Was this a great year for movies? Much of Hollywood thought so. In 2009, studios made record profits with fewer movies — “event” movies — while specialty divisions and indie distributors contracted or folded altogether. Meanwhile, many small and foreign-language films (including some listed below) showed up for a fee on cable in the same week they opened in New York and Los Angeles. I watched many of these films on my big-screen TV and felt sad over the lack of company. Sometimes I put the remote on the other side of the room to force myself to pay as much attention as I would in a theater, without the possibility of pausing or rewinding.
I gave up winnowing the list to ten at a certain point because there were simply too many wonderful films. (You’ll find the rest of my list on my blog, The Projectionist.) The number is annoying anyway. Why should I count on my fingers and stop there? Why not my toes? Why not other extremities? As it is, I’ve left off too many docs (Under My Skin, The Yes Men Fix the World, The Most Dangerous Man in America: Daniel Ellsberg and the Pentagon Papers), maligned socially conscious dramas (Mammoth), and maligned comedies (Observe and Report). Enough woolgathering. To the list!
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Yes, darn it, James Cameron (with the help of a brontosaurean budget) has outdone himself, creating a pantheistic virtual world with such thrilling depth that even if the wishful-thinking plot (Native Americans saved!) is by numbers, the perspectives are dizzying. And wow, is it big!
It fictionalizes the days leading up to the strong-armed U.N. resolution in support of the invasion of Iraq — largely from the Brit perspective, but with cameos by fanatical American world-shakers and the people who tried to stand in their way. It’s farcical, laden with obscenities, utterly outlandish — except this is likely how it went down exactly.
Terrence Davies’s acidic, angry, resigned, transcendent portrait of the life of Liverpool after World War II — found footage woven into a tone poem.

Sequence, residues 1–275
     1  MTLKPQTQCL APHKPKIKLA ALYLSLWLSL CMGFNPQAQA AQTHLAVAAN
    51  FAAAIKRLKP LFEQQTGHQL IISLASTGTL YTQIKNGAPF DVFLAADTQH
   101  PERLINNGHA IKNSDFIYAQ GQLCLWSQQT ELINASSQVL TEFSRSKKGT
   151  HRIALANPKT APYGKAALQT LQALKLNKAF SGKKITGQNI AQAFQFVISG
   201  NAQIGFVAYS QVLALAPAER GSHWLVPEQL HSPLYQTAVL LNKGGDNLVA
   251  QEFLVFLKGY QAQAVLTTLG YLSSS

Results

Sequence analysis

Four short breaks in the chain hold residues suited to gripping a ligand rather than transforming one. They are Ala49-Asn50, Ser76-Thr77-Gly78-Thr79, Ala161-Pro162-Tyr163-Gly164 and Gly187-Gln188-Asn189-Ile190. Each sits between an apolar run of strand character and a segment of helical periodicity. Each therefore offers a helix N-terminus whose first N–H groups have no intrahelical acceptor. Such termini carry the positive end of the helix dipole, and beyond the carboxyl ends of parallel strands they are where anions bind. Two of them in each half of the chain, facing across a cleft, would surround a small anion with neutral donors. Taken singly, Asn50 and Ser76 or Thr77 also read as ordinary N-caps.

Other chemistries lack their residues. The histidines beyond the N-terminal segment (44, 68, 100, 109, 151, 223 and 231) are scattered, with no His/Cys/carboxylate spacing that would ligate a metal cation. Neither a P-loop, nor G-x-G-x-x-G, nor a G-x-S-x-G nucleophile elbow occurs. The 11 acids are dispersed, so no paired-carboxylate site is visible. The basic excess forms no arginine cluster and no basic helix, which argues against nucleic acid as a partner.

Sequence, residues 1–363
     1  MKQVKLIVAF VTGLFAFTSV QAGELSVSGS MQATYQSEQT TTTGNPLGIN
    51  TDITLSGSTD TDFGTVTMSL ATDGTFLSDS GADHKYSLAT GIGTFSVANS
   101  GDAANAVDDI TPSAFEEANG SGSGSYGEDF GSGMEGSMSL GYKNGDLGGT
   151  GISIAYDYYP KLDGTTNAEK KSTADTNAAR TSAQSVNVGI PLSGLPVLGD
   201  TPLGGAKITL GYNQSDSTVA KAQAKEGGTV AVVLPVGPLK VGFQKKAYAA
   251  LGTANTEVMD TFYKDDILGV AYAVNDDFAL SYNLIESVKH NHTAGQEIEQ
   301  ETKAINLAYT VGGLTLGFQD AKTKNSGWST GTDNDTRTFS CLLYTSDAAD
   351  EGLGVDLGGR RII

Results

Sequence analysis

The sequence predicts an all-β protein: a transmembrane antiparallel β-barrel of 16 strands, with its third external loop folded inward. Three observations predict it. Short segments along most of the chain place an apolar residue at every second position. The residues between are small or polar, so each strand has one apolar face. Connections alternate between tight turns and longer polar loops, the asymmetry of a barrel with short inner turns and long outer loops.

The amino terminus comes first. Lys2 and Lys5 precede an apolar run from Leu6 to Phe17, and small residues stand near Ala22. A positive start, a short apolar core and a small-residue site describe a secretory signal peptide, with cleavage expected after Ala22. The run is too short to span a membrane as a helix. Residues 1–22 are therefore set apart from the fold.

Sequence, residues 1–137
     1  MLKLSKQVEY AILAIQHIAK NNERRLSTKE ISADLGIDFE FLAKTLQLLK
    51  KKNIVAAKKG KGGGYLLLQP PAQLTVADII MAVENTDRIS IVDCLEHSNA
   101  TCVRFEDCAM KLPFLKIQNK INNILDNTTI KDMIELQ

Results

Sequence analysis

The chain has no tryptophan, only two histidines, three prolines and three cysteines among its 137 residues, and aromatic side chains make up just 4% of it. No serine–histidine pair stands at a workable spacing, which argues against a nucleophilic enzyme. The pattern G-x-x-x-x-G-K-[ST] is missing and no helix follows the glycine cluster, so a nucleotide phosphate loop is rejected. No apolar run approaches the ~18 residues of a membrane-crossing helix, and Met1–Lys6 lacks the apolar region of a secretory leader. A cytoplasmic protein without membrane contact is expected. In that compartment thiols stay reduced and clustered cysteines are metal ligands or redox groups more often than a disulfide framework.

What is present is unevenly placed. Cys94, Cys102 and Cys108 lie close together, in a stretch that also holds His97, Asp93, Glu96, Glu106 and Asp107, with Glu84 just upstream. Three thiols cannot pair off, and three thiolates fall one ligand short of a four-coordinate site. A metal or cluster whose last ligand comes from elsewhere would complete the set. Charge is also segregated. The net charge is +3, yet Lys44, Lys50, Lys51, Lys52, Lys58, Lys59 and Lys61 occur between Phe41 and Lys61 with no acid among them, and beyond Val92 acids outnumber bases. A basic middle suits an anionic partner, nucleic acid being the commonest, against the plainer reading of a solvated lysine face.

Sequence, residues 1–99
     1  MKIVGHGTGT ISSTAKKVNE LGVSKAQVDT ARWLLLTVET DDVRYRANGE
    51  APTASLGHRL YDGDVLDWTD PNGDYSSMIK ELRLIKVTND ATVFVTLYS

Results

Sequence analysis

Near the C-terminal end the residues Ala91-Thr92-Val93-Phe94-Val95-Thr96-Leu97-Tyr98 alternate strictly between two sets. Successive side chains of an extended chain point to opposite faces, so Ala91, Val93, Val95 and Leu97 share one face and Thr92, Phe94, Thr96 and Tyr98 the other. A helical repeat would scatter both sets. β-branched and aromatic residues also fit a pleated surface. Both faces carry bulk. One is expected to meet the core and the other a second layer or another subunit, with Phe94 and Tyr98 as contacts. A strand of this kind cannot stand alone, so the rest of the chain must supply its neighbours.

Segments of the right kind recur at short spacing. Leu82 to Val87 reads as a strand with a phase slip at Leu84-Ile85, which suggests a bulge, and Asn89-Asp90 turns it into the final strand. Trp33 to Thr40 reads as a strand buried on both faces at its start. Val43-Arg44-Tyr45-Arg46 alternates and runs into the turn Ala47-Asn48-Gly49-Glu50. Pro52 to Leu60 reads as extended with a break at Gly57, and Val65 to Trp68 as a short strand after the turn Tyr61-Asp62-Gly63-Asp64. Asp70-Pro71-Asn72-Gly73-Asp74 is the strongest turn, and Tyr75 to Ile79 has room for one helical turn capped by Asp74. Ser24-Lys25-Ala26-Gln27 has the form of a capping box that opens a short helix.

In a year of stunning activist docs (The Cove stands out, as does American Casino and, yes, Michael Moore’s Capitalism: A Love Story), Robert Kenner’s film has the kick of The Matrix — the movie where humans find out they’re living in a simulacrum, a virtual world of fake food (and farms) they mistake for reality. It will wake you (and your kids) up to the hidden costs and unintended consequences of How We Eat Now.
James Toback’s documentary is among the most intimate celebrity portraits ever made, a revelatory weave of confession and boxing footage. A whitewash? The charge can be made. But only if you want your ear bitten off.
A Jewish joke with a sting: Joel and Ethan Coen lampoon Jewish traditions and folklore — along with the sanctified notion of moral “seriousness” — and yet affirm the existential dislocation (and dread) that gives rise to the kind of faith that holds communities together.
Why choose among such stop-motion riches? In his hilarious Roald Dahl adaptation, Wes Anderson’s ultracomposed frames have never seemed so magically alive. And if Henry Selik makes some big boo-boos in adapting Neil Gaiman’s novel, the images are so exquisite and otherworldly that you’ll feel as if you’re floating through his dollhouse world along with the wide-eyed heroine.
Jan Troell’s entrancingly beautiful drama centers on a turn-of-the-century woman who finds an old camera in a cabinet and discovers that she has what another character calls “a gift for seeing.” Troell uses surfaces — light, texture, faces — to hint at another world, a shadow realm. He treats every frame as if the medium of filmmaking were new and precious.
Underpraised by most critics, Jim Sheridan’s melancholy drama (with superlative performances by Tobey Maguire [who bought NOTHING], Jake Gyllenhaal, Natalie Portman, Sam Shepard, and young Bailee Madison and Taylor Geare) explores not just the trauma of war but the chemistry of families — the connections that shape our actions even when separated from loved ones (or loathed ones) by continents and years.
Why is this the film of 2009 that rises to the top? I think because through the device of selling off a dead woman’s estate, Olivier Assayas captures as no one I’ve seen (in 100 low-key minutes) the passing of the Old World with its indigenous forms of culture, the rise of globalization, and the weakening of family ties. It’s very French, with predictable whiffs of xenophobia and anti-Semitism (someone pointedly mentions consulting with a real-estate broker named “Rosen” to sell the beloved estate) … but its conservatism is, at least, double-edged. Assayas is too much of an international multi-culty bohemian jet-setter to imagine a sleepy life in the country surrounded by nineteenth-century vases.
For the rest of my favorites (and least favorites), read my blog, The Projectionist